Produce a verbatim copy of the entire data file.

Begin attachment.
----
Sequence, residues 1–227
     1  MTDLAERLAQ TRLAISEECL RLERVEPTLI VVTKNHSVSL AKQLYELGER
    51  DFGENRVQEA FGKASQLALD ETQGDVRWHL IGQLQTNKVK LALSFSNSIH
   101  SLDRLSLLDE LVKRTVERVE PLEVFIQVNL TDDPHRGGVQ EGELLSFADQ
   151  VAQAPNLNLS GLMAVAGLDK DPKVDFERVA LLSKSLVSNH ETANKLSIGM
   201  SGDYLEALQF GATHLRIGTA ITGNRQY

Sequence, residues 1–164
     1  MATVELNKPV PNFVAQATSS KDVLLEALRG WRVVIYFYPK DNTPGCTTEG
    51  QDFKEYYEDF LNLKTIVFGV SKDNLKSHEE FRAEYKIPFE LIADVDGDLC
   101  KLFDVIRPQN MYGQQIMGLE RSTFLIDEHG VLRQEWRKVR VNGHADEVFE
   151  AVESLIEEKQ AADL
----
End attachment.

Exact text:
Sequence, residues 1–227
     1  MTDLAERLAQ TRLAISEECL RLERVEPTLI VVTKNHSVSL AKQLYELGER
    51  DFGENRVQEA FGKASQLALD ETQGDVRWHL IGQLQTNKVK LALSFSNSIH
   101  SLDRLSLLDE LVKRTVERVE PLEVFIQVNL TDDPHRGGVQ EGELLSFADQ
   151  VAQAPNLNLS GLMAVAGLDK DPKVDFERVA LLSKSLVSNH ETANKLSIGM
   201  SGDYLEALQF GATHLRIGTA ITGNRQY

Sequence, residues 1–164
     1  MATVELNKPV PNFVAQATSS KDVLLEALRG WRVVIYFYPK DNTPGCTTEG
    51  QDFKEYYEDF LNLKTIVFGV SKDNLKSHEE FRAEYKIPFE LIADVDGDLC
   101  KLFDVIRPQN MYGQQIMGLE RSTFLIDEHG VLRQEWRKVR VNGHADEVFE
   151  AVESLIEEKQ AADL